Tisbury selectmen voted unanimously Tuesday night to approve Chicago-based Innovation Arts & Entertainment to engage in commercial activity at Veterans Memorial Park on Aug. 9, 10, and 11, a major step toward the overall approval of a music festival.
The concept was first pitched to the board on Dec. 18 by Adam Epstein, CEO of the company, and revisited on Jan. 8. A licensing agreement, the fate of alcohol sales, and a raft of logistics must all be tackled for the festival to be fully authorized. The selectmen reserved the right to weigh public opinion through a hearing, despite a letter from town counsel indicating a hearing wasn’t mandatory for the event. The board also voted unanimously to empower town administrator Jay Grande to hammer out an agreement with town counsel and Epstein that might be signed as soon as Jan. 22.
“I’d like to lend qualified support for us moving ahead,” selectman Melinda Loberg said. She characterized the event, should it come to fruition, as “definitely a trial” that will be analyzed for its pros and cons afterward.
Selectmen chairman Tristain Israel repeatedly said he would like to avoid alcohol sales for the festival, and revisit the idea, should it be invited back, for the following summer. Epstein didn’t dismiss the prohibition, but pointed out it would increase ticket prices.
Selectman Jim Rogers said he wanted whatever agreement comes to pass to be a finished document, one not returned to for modifications as time passes. He also said he wants to ensure private parking lots are protected from festivalgoers.
A handful of audience members expressed their opinions to the board about the festival. Clothing designer Lorraine Parish, who runs a boutique on State Road in Vineyard Haven, came out against it: “I feel like I’m in the Twilight Zone here. I cannot believe you people that work for this town are remotely considering this possibility. The thought of it — my blood pressure is up. It is unbearable here in August with the boats, the traffic, the heat, the noise. That’s salt in the wound. I can’t believe anybody thinks this is a viable idea.”
She went on to say the festival promoters will reap profits while locals will pay “with the quality of our lives,” that her customers are already hesitant to brave Tisbury in the summer, and that the event will constitute the “nail in the coffin” for their patronage.
Dan Carbon, manager of Educomp, an office supplies and technical services business at the intersection of State Road and Main Street, said he was concerned for the ability of his technicians to come and go in the face of the traffic the festival would generate, and worried about safeguarding his parking spaces. As he is also landlord to several tenants in the building, he said, noise generated from the festival could have a negative impact on them.
John Zannini, who owns Salt, a clothing boutique on Lagoon Pond Road, said he supports the festival. “I think it’s a really great idea,” he said. “I’m here to support it.”
Zannini said he has been to other local music events produced by Innovation and found them “very well done.” He also said, “I think it’s a great thing for the town. And when I think about, you know, you all are facing the renovation, reconstruction with the school. That’s a big specific problem that needs to be solved …” The town’s cut from festival revenue could be directed to the school project, he said. He closed out his comment by saying there wasn’t an issue the festival would generate that couldn’t be solved, and overall, the event would be a boon to the town and the Vineyard.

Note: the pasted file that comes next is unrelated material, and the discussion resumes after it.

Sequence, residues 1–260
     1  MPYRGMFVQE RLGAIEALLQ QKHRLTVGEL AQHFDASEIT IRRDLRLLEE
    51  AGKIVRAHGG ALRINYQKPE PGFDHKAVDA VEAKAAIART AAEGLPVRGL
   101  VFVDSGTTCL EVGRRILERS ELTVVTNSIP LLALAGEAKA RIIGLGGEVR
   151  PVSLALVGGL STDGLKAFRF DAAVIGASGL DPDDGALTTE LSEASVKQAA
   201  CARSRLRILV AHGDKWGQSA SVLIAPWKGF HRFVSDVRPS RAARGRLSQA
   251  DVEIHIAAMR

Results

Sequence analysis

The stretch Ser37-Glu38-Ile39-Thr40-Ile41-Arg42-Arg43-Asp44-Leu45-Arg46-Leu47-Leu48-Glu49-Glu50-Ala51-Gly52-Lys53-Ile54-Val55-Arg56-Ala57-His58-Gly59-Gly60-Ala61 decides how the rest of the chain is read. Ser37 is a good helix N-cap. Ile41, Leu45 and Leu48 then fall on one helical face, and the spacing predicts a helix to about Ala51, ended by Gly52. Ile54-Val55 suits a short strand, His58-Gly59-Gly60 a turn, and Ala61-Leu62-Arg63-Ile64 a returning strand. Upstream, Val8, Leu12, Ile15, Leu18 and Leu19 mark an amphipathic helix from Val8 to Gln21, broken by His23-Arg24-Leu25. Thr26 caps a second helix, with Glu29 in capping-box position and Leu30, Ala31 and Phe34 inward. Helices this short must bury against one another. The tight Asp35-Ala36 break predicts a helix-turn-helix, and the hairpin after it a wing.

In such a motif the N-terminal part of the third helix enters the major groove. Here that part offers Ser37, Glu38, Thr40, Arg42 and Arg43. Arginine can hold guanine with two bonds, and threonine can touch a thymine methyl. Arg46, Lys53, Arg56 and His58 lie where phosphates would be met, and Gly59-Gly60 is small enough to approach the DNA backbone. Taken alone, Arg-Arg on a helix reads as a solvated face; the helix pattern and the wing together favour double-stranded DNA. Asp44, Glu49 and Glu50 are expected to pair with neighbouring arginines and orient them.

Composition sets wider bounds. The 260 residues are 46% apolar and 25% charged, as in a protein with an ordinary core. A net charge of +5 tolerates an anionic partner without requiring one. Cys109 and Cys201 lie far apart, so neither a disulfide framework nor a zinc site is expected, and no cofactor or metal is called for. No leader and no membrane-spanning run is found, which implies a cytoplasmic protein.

Per discussions thus far, the town is projected to get about $40,000 from the festival.
Seth Gambino, owner of La Choza, a takeout burrito shop on Main Street, renewed disapproval he’d voiced over the event during the last selectmen’s meeting. Due to its length, Israel declined to allow him to read into the record a critical statement he’s written about the festival, but allowed his commentary.
Gambino called the festival a “ridiculously a bad idea” and said he was upset he had to fight it ahead of surgery he’s scheduled to undergo. Gambino calculated the number of festival attendees would exceed the number of lawn seats at the Xfinity Center in Mansfield, or “more than three times the capacity of the House of Blues in Boston.”
A letter read into the record by Israel, one of several, supported the concert and countered assertions Gambio previously made.
“This festival will bring both cultural and financial rewards to the town, its residents, and our visitors,” wrote Philip Young. “I can also state from working with Mr. Epstein [on the] Summer Concert Series, that he and his staff run an extremely efficient organization and that while attending everyone of the concerts last summer, I witnessed none of the concerns brought up by Mr. Gambino at last week’s meeting. This is a good idea for the Vineyard and Tisbury and I urge you to grant the permit.”
Epstein worked to debunk an assertion made by Gambino at the last meeting about a summer festival dealing harm to the town of Great Barrington.
“That town now hosts two summer festivals, each three days apiece,” he said. “Each of them have been annually produced — profitably and with participation from [Massachusetts Museum of Contemporary Art], which is one of the most venerable art and theatrical institutions in Western Massachusetts. That organization invited them back every year because they see the benefit of participating in the success of putting on a great event. That’s what we can do here if we team up together. And right now we’ve worked with the department of public works, with the chief of police, with the fire and EMS department, for months now, engaging in a conversation all towards the end goal of trying to figure out the best solutions …”
The selectmen will return to the issue of the festival at the board’s regularly scheduled meeting next week.